By Bill SnethenMarch 16, 2010
The use of improvised explosive devices (IEDs) is the weapon of choice by enemy forces in Southwest Asia. In December 2009, an IED detonation in Afghanistan left an Army major with injuries to the face and multiple fractures throughout his body.
The soldier, who chose to remain anonymous, was medically evacuated to Camp Lacy at Bagram Air Field, where he underwent surgical procedures for his injuries. Clinicians with the 455th Expeditionary Medical Group and others digitally documented his care in computer systems fielded by the U.S. Army's Medical Communications for Combat Casualty Care (MC4) program.
After a short stay at Camp Lacy, the patient received follow-up care at Landstuhl Regional Medical Center in Germany. On Christmas Eve, he boarded a plane bound for the U.S. for further recovery and to reunite with his family.
As he crossed the Atlantic Ocean, the staff at the North Chicago VA Medical Center in Illinois prepared for his arrival. Hours before the soldier arrived at the stateside treatment facility, physicians had reviewed a full account of his medical history.
"As soon as we got the call, we were able to generate a medical record for him in VistA Web, where his physician was also able to view all of his remote medical records from AHLTA," said Bonnie Munkacsy, North Chicago VA Medical Center transfer coordinator. "This made all the difference with the speed and coordination of his care."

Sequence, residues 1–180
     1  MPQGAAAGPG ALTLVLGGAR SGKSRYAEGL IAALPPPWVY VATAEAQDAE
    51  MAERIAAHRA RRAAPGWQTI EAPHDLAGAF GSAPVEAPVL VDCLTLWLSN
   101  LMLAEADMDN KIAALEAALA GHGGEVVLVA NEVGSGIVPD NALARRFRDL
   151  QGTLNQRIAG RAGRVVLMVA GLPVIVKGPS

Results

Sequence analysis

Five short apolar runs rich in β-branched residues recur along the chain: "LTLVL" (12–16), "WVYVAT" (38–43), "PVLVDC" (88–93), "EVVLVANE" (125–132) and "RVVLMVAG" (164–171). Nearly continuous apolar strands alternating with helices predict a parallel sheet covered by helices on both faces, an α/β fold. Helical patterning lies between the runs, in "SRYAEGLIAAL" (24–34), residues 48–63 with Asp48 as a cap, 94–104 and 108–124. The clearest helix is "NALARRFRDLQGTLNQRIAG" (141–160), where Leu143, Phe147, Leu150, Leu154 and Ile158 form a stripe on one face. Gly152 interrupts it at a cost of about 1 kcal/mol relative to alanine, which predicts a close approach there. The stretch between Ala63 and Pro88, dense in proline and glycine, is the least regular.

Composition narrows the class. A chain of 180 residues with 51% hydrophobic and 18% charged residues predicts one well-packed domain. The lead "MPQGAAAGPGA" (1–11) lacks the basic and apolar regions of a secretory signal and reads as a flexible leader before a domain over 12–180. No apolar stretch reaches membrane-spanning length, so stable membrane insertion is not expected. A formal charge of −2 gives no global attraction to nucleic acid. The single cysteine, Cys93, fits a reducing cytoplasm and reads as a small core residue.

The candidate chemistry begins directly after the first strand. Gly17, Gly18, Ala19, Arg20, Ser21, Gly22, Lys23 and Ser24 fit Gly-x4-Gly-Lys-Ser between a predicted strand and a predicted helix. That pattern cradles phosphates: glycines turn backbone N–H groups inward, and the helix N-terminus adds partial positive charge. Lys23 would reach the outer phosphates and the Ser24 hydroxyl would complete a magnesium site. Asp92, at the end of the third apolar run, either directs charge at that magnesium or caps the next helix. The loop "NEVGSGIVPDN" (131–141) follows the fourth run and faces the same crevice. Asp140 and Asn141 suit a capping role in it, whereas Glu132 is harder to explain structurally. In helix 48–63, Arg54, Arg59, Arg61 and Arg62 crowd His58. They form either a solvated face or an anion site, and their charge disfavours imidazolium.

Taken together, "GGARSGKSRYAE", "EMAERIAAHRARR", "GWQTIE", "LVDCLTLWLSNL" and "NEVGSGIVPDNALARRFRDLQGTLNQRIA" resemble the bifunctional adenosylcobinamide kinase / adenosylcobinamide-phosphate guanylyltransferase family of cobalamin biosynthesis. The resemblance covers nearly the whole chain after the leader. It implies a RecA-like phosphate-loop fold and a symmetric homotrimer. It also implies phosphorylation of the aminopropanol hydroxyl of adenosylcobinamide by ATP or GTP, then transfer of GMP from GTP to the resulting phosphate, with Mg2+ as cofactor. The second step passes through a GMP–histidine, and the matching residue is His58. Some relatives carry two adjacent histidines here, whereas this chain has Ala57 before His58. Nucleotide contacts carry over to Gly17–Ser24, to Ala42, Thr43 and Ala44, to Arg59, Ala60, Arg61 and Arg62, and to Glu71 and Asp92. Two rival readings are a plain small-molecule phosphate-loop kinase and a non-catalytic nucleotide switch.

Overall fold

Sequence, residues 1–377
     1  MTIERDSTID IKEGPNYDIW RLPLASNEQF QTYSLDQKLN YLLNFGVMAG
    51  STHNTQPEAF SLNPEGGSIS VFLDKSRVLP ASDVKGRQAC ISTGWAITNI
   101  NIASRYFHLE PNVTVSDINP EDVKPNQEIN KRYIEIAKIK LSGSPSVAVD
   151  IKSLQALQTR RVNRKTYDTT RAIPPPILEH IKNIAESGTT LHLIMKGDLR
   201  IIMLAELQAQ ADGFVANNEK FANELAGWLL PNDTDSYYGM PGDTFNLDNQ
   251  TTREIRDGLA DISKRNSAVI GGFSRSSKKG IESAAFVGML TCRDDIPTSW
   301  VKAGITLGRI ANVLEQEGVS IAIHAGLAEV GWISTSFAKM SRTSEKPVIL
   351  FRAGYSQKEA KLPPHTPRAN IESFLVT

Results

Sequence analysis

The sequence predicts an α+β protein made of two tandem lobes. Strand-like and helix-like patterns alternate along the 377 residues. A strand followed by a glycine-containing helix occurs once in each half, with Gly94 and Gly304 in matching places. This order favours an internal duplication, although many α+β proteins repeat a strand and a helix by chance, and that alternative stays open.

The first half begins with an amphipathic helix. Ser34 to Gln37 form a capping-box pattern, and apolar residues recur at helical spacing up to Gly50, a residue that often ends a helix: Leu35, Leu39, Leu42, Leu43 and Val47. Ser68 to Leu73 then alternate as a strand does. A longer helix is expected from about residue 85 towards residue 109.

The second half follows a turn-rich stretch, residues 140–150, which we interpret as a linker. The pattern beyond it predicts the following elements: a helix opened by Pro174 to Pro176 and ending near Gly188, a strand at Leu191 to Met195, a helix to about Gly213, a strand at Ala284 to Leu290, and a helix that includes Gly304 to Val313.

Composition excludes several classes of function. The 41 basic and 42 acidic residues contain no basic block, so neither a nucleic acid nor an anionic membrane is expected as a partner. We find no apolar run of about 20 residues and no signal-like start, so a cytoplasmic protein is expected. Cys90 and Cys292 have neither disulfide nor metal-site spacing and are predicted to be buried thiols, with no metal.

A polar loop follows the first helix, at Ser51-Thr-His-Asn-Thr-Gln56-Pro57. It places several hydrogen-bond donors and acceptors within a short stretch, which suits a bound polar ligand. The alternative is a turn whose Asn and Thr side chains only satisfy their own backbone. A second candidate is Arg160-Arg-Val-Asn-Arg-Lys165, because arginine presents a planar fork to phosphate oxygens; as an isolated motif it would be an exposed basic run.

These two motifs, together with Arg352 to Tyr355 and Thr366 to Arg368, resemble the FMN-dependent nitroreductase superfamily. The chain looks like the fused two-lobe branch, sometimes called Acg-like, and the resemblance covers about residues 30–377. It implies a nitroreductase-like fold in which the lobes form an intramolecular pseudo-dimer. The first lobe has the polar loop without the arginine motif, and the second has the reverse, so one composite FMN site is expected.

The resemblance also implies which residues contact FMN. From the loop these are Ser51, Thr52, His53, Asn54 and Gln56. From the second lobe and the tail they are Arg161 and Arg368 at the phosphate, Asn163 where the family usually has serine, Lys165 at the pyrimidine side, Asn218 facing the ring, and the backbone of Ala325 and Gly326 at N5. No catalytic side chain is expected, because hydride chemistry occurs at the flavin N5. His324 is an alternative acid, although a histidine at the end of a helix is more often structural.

Dr. Frank Maldonado, associate chief of staff for clinical affairs at the North Chicago VA Medical Center, said, "Our VA and DoD electronic medical records systems work extraordinarily well in situations like this. By reviewing the medical record before the patient arrived we were able to determine his allergies, medications, baseline labs, X-rays performed and review of progress notes including operative reports. This saved the patient lots of unnecessary tests and saved time for staff in determining a plan of care."
The information exchange was made possible via a data interface between the DoD's AHLTA and the VA's VistA systems-the Bi-directional Health Information Exchange (BHIE).
Maldonado credits the EMR systems in place to making the time-critical transition of service members possible. "It's safe to say that that without the EMRs, we would not have been able to prepare for the major's arrival in the manner in which we did."
For more information on the impact of battlefield medical records, visit www.mc4.army.mil.